The inflation rate in Prince Edward Island reached 11.1% last May, according to Statistics Canada.

In particular, fuel prices have increased by 120% in Canada’s smallest province.

Robert Arsenault, a potato producer in the Evangeline region, saw his diesel bill more than double last May.

That’s a big bill! Our bill was over $100,000 just for a month’s worth of diesel. I thought to myself, wow! »

A quote from Robert Arsenault, owner of Urbainville farms, in the Evangeline region

Potato farmer Robert Arsenault, right, says he is concerned about the rising price of diesel used in machinery working in the fields (files).

Photo: Radio-Canada

Rising fuel prices are driving up bills for agriculture, the province’s largest industry, said Donald Killorn, executive director of the island’s Federation of Agriculture, in an interview with Radio-Canada.

Farmers need diesel. They have to burn it to grow food. »

A quote from Donald Killorn, Managing Director at the Island Federation of Agriculture

The cost of a liter of diesel is approaching $2.40 on the island on Thursday.

When the price of diesel increases drastically, the consumer must unfortunately expect an increase in the cost of foodhe explains.

The director of the federation draws attention to the damage that inflation could cause in the sector by creating a snowball effect on food prices.

It is a risk for our economy in the agricultural sector, and it is also a risk for the economy of the province. It is for this reason that I am concerned, adds Donald Killorn.

PEI Federation of Agriculture director Donald Killorn fears the bill will be sent to consumers next year after harvest.

Photo: Radio-Canada / Tony Davis

other expenses

The price of fertilizers, maintenance of equipment, labor to work in the fields also cost more, recalls Robert Arsenault.

A tractor that doesn’t work or a piece of equipment that’s missing, the prices for parts have gone up a lot, probably 30% for us on the farmsays Robert Arsenault.

The Prince Edward Island Potato Board estimates that fertilizer prices have increased by 75-100% since last year.

Photo: Radio-Canada / WAYNE THIBODEAU

He tries to cut costs by buying new and more efficient equipment.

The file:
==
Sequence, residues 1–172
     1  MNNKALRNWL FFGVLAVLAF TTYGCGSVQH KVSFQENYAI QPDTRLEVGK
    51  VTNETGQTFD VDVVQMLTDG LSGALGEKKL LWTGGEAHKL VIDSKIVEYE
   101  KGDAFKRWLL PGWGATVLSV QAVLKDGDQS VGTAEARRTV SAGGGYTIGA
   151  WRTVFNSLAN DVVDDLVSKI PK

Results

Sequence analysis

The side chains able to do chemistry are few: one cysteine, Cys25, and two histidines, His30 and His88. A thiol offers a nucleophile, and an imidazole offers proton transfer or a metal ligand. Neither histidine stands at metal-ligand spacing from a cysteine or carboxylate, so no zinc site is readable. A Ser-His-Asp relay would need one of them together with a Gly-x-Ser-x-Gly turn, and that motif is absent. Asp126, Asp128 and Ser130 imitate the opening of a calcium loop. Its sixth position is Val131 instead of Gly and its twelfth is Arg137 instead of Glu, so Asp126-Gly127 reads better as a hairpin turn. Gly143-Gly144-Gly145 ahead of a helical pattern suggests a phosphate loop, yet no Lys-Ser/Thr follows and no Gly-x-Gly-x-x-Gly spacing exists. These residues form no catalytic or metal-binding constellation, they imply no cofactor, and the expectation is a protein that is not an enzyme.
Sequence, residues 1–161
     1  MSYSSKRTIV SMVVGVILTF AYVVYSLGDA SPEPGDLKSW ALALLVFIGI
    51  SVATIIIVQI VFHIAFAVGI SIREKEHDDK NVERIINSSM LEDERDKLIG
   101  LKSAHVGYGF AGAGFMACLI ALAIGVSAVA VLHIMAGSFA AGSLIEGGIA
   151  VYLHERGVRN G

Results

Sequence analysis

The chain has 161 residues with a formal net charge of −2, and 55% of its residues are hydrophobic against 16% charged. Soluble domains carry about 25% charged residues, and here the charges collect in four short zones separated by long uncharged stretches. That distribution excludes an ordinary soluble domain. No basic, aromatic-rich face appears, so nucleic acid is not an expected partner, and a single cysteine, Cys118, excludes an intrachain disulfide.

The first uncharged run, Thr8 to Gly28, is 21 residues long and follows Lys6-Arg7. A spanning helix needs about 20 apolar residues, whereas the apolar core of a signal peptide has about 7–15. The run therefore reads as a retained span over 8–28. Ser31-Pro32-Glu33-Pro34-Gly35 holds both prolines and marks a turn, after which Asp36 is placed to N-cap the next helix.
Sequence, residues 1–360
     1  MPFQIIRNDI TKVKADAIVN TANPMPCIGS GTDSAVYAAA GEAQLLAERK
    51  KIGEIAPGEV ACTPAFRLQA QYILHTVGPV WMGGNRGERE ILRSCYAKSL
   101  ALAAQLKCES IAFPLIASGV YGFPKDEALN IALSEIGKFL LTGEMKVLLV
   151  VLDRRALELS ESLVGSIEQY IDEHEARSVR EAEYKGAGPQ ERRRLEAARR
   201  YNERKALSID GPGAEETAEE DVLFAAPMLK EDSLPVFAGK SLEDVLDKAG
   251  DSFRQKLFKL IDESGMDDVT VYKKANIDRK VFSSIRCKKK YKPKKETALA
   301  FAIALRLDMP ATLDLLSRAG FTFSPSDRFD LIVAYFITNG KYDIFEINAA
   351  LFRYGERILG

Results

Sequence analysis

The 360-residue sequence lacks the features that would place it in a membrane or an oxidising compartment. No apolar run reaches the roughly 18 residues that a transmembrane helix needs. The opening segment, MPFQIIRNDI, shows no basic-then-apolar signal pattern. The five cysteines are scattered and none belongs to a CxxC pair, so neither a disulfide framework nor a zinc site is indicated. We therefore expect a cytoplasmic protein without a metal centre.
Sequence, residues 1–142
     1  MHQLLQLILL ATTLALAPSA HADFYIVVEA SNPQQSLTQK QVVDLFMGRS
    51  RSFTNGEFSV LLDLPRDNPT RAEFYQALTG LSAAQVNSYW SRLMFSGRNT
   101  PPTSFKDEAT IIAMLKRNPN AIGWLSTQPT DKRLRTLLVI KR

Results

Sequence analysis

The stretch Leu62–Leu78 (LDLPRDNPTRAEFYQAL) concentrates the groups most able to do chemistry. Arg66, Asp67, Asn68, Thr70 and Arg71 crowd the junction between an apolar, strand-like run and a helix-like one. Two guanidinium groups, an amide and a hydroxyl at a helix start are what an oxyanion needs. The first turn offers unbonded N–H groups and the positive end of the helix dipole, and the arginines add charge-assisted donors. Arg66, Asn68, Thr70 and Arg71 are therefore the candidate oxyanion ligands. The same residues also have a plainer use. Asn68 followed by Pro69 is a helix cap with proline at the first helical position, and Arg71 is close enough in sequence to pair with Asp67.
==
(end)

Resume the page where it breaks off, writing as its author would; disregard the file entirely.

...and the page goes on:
Nevertheless, it is very difficult to save, because the production and the machines cannot stop, explains the farmer.

Politics reacts

In a written statement, the island’s official opposition stressed that island residents are in dire need of assistance, given the rising rate of inflation in the province.

Green Party Leader Peter Bevan-Baker called on the government to act and explain what the government can do in the short term to help island residents.

Peter Bevan-Baker, Leader of the Opposition and of the Green Party in Prince Edward Island, is the Member of Parliament for New Haven-Rocky Point. He demands immediate solutions from the government (archives).

Photo: Radio-Canada / Jessica Doria-Brown

A spokesperson for the provincial finance ministry said the province will continue to assess the situation in order to take steps to mitigate the effects of inflation.

Any new support should target sectors most affected by inflationsaid the spokesperson in a written statement.

The province says it is working to ensure that the rise in prices does not drag on on the island.

The government also recalled that 45 million dollars have been released for aid programs created following the rise in the inflation rate, including the payment of a one-time amount of 150 dollars to low-income people.

About 90,000 Prince Edward Islanders will need to receive this payment in July, the province estimates.

With information from CBC

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